Now you might say Germany’s doing fine. An economic growth of 2,5 per cent has been estimated for 2018. German companies have been able to sell more goods to foreign countries than ever before. The amount of employees has reached a record high as well. Yet for the long term, it isn’t enough to maintain the current standard of living to compensate that less employees are going to have to pay for more pensioners in the future. Like other industrialized countries, Germany exhibits a decline in productivity growth in spite of the continued economic growth – an observation which, in light of the extensive economic digitalization, is astonishing. Economics puzzle over the reason for this stagnation, or rather cannot comprehend at first glance how the alleged innovation wave and the slacking productivity statistics are supposed to fit.
Out of all industries, it is Germany‘s showpiece industries that threaten to fall behind in global competition. The metal and electrical industry these days is still about as productive as it has been five years ago – in spite of new technological possibilities that should have normally increased the productivity. But why do German companies only invest so little in progressive information and communication technology (ICT)?
For one, that is due to the strong regulation of German product and labor markets. But especially a great number of small and medium-sized enterprises (SME) can potentially apply new digital technologies less effectively than large enterprises. The productivity-stimulating effect of digitalization almost entirely remains absent. The expert commission Research and Innovation (EFI) even speaks of a ‘digital divide’.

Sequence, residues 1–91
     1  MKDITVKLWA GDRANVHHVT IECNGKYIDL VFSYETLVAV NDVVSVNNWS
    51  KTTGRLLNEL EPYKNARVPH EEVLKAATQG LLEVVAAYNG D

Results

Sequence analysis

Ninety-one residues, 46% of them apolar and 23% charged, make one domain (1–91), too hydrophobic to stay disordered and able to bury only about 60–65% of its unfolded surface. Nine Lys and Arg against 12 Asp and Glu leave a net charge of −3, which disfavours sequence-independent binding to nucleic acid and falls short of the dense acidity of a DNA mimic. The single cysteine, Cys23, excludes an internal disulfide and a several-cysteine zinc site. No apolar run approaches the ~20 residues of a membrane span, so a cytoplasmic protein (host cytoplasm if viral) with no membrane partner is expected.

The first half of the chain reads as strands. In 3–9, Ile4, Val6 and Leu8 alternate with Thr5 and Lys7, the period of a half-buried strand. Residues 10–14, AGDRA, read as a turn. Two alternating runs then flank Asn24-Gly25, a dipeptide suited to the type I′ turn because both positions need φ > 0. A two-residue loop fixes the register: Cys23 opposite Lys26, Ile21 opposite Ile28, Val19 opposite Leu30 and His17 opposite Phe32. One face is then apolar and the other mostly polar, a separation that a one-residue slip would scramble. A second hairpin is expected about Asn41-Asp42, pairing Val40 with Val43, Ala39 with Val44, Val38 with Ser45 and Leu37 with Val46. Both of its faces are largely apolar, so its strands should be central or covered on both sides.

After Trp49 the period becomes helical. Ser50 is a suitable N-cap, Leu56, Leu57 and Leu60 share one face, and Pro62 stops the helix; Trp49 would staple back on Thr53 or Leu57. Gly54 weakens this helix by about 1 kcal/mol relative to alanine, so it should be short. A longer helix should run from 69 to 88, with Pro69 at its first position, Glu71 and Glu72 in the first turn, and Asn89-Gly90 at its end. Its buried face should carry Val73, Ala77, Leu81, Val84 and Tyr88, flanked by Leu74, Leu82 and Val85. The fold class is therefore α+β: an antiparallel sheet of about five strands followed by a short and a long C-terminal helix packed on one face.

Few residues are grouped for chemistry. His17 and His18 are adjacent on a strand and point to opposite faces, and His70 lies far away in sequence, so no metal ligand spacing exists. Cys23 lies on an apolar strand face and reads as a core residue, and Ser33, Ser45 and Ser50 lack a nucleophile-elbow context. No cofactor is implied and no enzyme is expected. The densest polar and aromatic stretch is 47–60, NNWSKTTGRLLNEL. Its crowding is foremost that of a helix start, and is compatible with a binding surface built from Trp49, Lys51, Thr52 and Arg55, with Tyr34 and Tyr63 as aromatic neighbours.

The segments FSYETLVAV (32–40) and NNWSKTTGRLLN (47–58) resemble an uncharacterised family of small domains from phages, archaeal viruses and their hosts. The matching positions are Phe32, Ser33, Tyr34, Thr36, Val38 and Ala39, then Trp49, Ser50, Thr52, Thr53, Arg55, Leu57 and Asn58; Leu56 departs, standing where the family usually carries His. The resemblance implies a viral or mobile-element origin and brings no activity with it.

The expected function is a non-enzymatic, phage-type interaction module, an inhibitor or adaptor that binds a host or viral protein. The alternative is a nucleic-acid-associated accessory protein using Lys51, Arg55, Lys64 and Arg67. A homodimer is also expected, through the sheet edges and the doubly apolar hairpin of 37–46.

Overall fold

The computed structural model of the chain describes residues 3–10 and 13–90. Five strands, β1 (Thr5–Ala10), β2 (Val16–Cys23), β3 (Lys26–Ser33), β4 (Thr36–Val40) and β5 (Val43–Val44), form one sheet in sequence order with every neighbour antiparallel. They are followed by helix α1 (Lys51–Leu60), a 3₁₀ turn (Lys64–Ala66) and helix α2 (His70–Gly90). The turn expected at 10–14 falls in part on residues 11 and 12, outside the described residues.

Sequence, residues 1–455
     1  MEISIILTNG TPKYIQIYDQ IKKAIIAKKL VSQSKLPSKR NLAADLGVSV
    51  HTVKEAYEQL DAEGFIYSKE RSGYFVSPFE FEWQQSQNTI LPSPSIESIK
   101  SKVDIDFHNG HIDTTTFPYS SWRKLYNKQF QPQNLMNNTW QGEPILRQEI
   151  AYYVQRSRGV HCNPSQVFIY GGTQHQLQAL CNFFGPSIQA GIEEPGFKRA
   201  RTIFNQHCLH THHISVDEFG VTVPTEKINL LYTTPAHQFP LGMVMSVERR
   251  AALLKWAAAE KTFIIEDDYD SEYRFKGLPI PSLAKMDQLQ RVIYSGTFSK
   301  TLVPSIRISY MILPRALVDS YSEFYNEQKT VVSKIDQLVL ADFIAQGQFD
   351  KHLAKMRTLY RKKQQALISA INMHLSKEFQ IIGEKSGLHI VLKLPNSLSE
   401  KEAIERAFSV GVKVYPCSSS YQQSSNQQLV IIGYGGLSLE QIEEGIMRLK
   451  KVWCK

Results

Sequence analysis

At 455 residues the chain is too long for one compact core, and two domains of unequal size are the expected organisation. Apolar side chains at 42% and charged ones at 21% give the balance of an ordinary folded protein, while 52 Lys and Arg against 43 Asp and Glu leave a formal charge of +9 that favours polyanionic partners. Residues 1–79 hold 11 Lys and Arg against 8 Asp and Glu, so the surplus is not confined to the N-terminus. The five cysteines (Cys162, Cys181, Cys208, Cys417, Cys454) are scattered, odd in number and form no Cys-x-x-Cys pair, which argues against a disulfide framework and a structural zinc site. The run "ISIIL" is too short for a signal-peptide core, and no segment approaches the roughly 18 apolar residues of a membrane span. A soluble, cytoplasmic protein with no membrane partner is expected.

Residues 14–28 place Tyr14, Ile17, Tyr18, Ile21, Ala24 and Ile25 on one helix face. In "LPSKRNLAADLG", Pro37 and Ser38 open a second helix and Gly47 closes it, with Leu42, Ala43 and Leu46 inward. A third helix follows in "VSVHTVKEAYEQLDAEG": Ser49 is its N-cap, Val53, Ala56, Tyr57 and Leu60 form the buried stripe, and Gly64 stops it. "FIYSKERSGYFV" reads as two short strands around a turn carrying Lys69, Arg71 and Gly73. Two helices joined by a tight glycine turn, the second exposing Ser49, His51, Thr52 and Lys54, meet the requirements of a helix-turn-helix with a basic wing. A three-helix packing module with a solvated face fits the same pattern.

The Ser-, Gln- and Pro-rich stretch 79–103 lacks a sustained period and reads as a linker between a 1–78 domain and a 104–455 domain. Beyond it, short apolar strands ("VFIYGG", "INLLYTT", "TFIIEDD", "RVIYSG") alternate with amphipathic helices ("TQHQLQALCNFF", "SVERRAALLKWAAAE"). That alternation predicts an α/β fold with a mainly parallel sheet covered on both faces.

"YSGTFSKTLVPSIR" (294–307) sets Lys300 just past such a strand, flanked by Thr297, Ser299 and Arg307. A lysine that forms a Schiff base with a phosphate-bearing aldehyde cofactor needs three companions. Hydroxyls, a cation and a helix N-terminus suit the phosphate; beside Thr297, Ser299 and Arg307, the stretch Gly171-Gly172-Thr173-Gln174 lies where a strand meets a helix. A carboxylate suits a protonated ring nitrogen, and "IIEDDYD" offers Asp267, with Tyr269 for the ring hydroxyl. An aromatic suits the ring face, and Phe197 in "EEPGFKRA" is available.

Furthermore, a restrained willingness to make investments with simultaneous implementation difficulties of Industry 4.0 technologies leads to industry-overlapping potentials for cost reduction as well as the development of new customers and markets through product innovations still too frequently going to waste.
To counteract this misery, tremendous investments need to be made. Especially a fast expansion of web infrastructure is necessary to implement the technological advantages of digitalization through new products, processes and business models. In doing so, it is important to provide incentives to make the necessary investments not only in foreign countries but also in Germany.
Germany has been resting on the reforms of the previous years. This way, the diminishing enthusiasm has led to a noticeably weakened competitiveness in comparison with other countries. Right now, the focus should be on turning the trend. Due to the demographic development, this would have to happen on the basis of a significantly stronger investment activity on the part of companies and the state. If we fail in that, Germany’s economic dynamism is going to sustainably slow down and strain the labor market.
Author: Marion Jörg
Figure source: © erhui1979 / istockphoto.de